It’s a big enough umbrella, but it’s always me that ends up getting wet.” – Sting (1981)
Here’s a second umbrella” – Montana Supreme Court (2016)

Although the terms are often used interchangeably, there are several key differences between umbrella and excess coverage. One such distinction is that an umbrella policy can apply to multiple underlying policies. This makes it essential to clearly delineate and define the policy’s aggregate limit of liability— the maximum amount of money a carrier will pay above all underlying coverage. If a carrier does not establish a hard ceiling, it might soon find itself flooded in unwanted liability.

In Westchester Surplus Lines Ins. Co. v. Keller Transport, Inc., No. DA 14-0278 (Mont. Jan. 12, 2016), the Montana Supreme Court examined the scope of a carrier’s “general aggregate limit of liability.” A trucking company and its lessor were both insured under a commercial transportation policy issued by Carolina Casualty. The policy provided two distinct coverages: commercial automobile and commercial general liability coverage. The CGL limits of liability were $1 million per “occurrence” and $1 million in the “aggregate,” while the auto coverage limit was $1 million per “occurrence.” Westchester issued an umbrella policy with a $4 million limit per “occurrence” and a $4 million “general aggregate” limit of liability. The policy did not define the term “general aggregate.”

One of the insureds’ trucks overturned and spilled 6,380 gallons of gasoline on several homeowners’ properties. Carolina Casualty began making payments for clean-up expenses and litigation costs and soon exhausted its auto policy limits. The homeowners sued the insureds, and Westchester accepted coverage under the umbrella policy. Once Westchester exhausted its own $4 million limits with litigation and clean-up costs, Carolina Casualty resumed its defense. Carolina Casualty then filed a coverage suit to determine its obligations under the remaining CGL policy. The homeowners not only argued that Carolina Casualty owed $1 million under its CGL policy, but also alleged that Westchester owed an additional $4 million in umbrella coverage despite paying out its $4 million general aggregate limits.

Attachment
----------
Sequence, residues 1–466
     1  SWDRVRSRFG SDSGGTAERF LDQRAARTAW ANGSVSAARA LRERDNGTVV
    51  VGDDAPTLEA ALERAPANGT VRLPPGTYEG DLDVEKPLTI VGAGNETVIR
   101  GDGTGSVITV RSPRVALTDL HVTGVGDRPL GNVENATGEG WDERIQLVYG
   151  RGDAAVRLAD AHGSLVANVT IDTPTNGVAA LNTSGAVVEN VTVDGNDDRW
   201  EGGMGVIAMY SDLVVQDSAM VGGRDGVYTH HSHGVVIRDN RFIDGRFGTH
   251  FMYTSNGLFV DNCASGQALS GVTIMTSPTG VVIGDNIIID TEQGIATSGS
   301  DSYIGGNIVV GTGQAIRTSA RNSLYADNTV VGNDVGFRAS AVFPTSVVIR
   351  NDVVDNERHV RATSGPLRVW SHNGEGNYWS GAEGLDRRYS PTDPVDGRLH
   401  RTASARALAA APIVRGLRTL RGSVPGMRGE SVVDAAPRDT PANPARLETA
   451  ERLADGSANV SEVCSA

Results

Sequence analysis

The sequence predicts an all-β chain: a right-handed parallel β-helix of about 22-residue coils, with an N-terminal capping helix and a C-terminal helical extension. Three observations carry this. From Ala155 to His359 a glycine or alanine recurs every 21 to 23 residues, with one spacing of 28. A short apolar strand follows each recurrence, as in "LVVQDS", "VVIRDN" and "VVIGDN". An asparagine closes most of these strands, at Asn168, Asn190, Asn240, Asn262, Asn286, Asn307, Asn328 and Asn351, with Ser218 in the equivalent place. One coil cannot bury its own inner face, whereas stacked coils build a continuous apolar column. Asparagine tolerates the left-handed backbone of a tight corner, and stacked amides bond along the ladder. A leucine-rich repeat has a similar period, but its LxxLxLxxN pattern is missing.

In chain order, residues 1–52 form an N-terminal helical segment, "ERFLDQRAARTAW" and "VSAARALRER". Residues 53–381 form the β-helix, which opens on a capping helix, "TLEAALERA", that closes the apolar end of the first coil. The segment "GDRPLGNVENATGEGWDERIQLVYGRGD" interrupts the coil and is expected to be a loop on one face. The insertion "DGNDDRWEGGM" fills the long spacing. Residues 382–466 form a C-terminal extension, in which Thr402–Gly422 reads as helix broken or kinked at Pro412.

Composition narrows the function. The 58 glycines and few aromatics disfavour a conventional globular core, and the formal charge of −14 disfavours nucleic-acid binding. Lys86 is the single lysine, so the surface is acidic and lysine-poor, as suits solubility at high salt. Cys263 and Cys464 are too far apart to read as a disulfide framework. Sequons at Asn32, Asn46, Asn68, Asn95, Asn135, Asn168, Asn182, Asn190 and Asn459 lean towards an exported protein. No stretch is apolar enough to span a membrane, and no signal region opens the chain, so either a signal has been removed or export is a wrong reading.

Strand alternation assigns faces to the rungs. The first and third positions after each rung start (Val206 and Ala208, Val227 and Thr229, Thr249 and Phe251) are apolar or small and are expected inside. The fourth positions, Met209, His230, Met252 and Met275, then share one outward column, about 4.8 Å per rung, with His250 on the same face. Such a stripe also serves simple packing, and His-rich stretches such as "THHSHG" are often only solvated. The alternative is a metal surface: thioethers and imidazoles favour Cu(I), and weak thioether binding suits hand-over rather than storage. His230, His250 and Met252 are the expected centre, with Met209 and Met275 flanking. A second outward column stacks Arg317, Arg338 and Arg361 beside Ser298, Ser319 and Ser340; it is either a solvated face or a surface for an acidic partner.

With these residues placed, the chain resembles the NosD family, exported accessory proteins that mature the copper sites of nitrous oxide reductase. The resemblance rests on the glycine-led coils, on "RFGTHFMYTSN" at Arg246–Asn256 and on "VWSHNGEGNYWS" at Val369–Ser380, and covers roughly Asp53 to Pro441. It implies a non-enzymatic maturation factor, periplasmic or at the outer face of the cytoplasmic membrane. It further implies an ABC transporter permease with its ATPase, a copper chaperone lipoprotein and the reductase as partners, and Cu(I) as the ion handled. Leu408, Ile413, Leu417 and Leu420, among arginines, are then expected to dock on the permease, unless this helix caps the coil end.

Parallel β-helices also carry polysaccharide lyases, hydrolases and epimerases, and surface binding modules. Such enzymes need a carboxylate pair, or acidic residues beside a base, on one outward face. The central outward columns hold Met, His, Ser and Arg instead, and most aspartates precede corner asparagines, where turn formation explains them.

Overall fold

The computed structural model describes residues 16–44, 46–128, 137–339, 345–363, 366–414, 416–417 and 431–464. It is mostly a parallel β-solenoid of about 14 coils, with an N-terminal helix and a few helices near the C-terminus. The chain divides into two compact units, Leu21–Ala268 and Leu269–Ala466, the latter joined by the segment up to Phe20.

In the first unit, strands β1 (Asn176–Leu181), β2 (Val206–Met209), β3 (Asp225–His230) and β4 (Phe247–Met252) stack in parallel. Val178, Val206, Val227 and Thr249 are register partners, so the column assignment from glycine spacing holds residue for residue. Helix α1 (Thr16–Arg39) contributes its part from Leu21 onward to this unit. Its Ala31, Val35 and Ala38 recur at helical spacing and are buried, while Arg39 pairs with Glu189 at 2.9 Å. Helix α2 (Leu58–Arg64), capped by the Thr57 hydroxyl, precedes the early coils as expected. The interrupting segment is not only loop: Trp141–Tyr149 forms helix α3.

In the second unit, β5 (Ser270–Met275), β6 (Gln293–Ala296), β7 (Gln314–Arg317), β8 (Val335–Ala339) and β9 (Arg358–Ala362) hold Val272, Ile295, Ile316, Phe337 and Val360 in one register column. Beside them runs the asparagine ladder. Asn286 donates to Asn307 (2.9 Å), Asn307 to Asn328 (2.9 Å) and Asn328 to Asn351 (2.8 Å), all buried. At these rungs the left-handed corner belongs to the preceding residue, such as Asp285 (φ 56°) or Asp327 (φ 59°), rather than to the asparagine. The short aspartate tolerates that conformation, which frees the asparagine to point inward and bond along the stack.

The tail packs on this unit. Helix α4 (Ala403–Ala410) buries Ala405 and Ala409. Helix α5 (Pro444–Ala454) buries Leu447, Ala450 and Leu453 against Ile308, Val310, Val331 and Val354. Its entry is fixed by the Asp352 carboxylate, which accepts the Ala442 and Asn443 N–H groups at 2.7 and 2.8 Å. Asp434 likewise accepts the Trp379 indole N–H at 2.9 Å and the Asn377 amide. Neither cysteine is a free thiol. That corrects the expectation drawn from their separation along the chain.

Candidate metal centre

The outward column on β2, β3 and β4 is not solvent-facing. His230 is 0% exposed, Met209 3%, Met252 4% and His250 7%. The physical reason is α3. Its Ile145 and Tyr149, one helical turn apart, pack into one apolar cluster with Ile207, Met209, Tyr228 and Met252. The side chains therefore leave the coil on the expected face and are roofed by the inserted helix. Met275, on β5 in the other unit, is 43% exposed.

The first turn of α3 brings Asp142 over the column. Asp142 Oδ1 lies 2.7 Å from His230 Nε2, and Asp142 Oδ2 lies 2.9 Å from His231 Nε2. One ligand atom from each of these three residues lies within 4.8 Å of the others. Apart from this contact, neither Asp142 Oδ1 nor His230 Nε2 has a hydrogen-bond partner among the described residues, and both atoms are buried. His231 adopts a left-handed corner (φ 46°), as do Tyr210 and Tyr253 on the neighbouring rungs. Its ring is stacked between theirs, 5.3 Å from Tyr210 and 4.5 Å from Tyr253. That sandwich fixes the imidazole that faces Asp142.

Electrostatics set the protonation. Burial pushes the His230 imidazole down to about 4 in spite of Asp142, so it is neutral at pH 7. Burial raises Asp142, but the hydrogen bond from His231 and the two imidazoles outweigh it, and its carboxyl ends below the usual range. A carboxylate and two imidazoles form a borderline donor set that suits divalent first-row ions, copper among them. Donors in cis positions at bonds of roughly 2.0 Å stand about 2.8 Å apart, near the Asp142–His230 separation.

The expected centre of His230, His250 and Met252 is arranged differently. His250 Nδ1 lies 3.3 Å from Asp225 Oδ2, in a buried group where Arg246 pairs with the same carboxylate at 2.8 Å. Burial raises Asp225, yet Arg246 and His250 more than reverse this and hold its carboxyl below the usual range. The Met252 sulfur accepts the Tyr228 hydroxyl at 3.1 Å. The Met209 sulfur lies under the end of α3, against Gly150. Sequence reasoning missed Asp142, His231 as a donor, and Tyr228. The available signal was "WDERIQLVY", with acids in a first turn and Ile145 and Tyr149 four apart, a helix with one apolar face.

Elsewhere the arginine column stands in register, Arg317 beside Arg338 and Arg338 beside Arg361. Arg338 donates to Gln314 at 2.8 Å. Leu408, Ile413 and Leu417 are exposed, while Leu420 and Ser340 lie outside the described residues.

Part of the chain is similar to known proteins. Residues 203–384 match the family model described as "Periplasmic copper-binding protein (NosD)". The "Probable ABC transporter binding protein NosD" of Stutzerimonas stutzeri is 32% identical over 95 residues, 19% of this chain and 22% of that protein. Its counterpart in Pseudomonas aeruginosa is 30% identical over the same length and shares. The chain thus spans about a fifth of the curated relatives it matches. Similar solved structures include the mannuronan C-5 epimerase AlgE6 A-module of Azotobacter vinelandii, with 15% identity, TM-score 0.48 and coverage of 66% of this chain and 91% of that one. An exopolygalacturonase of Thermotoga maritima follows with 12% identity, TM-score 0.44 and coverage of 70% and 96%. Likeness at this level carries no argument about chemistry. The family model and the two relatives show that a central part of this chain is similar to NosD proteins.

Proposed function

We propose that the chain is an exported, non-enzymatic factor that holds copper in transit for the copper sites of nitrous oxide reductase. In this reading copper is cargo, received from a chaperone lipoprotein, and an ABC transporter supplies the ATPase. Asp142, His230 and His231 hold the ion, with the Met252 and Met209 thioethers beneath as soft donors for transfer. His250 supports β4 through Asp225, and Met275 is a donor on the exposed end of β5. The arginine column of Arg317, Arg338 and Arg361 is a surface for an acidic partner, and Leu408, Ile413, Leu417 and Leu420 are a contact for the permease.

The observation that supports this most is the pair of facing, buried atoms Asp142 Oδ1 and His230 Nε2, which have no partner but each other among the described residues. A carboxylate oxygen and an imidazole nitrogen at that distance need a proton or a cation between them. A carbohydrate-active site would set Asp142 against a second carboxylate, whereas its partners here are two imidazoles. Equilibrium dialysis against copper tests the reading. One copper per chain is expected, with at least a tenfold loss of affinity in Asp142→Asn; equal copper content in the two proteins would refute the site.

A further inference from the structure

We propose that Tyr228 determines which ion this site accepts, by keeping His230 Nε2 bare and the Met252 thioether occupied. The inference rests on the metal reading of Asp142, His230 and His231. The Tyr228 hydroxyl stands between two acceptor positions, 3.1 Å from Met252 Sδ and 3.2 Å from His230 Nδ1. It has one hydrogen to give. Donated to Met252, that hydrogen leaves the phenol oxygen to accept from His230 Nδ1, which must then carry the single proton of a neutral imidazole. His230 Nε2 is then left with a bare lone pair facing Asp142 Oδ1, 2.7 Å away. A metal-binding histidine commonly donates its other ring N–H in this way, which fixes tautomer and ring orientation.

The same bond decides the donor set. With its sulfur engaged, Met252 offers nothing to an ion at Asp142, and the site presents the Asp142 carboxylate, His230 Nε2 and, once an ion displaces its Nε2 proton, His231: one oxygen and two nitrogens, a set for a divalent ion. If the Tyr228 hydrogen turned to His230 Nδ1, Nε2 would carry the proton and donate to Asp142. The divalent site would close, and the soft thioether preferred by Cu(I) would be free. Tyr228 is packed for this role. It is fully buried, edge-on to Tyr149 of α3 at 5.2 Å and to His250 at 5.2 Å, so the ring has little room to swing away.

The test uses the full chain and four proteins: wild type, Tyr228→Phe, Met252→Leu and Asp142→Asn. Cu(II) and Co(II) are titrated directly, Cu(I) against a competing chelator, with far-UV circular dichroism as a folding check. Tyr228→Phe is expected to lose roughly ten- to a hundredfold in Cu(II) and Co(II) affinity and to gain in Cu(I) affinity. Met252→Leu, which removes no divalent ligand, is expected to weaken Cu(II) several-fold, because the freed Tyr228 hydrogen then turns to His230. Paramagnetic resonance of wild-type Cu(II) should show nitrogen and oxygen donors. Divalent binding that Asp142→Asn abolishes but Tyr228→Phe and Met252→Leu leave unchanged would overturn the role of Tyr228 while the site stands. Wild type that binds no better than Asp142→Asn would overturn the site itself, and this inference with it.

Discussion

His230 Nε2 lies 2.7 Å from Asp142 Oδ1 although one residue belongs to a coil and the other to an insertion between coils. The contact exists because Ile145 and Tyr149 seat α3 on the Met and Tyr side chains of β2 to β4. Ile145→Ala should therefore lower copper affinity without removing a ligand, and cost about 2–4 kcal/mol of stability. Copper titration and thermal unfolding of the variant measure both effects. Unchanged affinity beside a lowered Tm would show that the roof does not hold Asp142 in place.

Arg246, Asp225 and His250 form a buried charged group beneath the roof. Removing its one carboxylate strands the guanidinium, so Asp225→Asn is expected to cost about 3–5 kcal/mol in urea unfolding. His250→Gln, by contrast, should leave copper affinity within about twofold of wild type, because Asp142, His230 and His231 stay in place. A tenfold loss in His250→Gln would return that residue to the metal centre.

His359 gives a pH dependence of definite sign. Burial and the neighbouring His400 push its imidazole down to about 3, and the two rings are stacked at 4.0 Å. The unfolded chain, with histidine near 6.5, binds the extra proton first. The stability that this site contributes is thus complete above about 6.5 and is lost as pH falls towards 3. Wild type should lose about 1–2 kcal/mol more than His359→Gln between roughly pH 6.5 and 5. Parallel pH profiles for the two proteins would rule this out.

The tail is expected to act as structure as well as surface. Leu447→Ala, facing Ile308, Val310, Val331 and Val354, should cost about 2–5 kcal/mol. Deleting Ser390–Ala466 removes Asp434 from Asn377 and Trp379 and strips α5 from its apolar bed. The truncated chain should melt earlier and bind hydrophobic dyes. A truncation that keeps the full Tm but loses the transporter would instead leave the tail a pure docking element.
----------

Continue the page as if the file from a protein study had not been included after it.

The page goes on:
For Westchester, the case turned on its definition (or lack thereof) for “general aggregate” limit of liability. Westchester argued that the term is commonly used in policies and means the maximum that applies to all underlying insurance.

The insureds took a different approach. They relied on the umbrella’s follow-form language, which states that coverage will apply “in like manner” to the underlying insurance coverage. Their argument was novel. First, they noted that the automobile coverage referenced “occurrences” and did not say anything about an aggregate limit. Second, they pointed out that the CGL policy referred to an aggregate limit, while the auto policy did not.

If the umbrella insurance was going to apply “in like manner” to the underlying policies, they reasoned, the umbrella’s $4 million “aggregate” limit must apply to the CGL policy and the umbrella policy’s $4 million “occurrence” limit must apply to the auto policy.

Unfortunately for Westchester, the trial court agreed. Westchester was ordered to pay an additional $4 million in coverage after already exhausting its $4 million aggregate limit. The Montana Supreme Court affirmed the decision. Both courts agreed that the “fundamental interpretational problem is caused by Westchester’s failure to define the term ‘general aggregate’ in a policy that provides excess coverage for an underlying policy with more than one coverage and more than one stated limit.” This undefined term, combined with the policy’s follow-form language, thus rendered the policy ambiguous, the Court held.

By relying on “common industry usage” instead of defining the term, Westchester exposed itself to twice as much coverage than it bargained for as a result of a perceived “ambiguity.” While such results are sometimes impossible to avoid given the lengths some courts will go to stretch policy language in favor of coverage, the case is nevertheless a stark reminder of the attention that must be paid to carefully defining such critical policy terms as the general aggregate limit.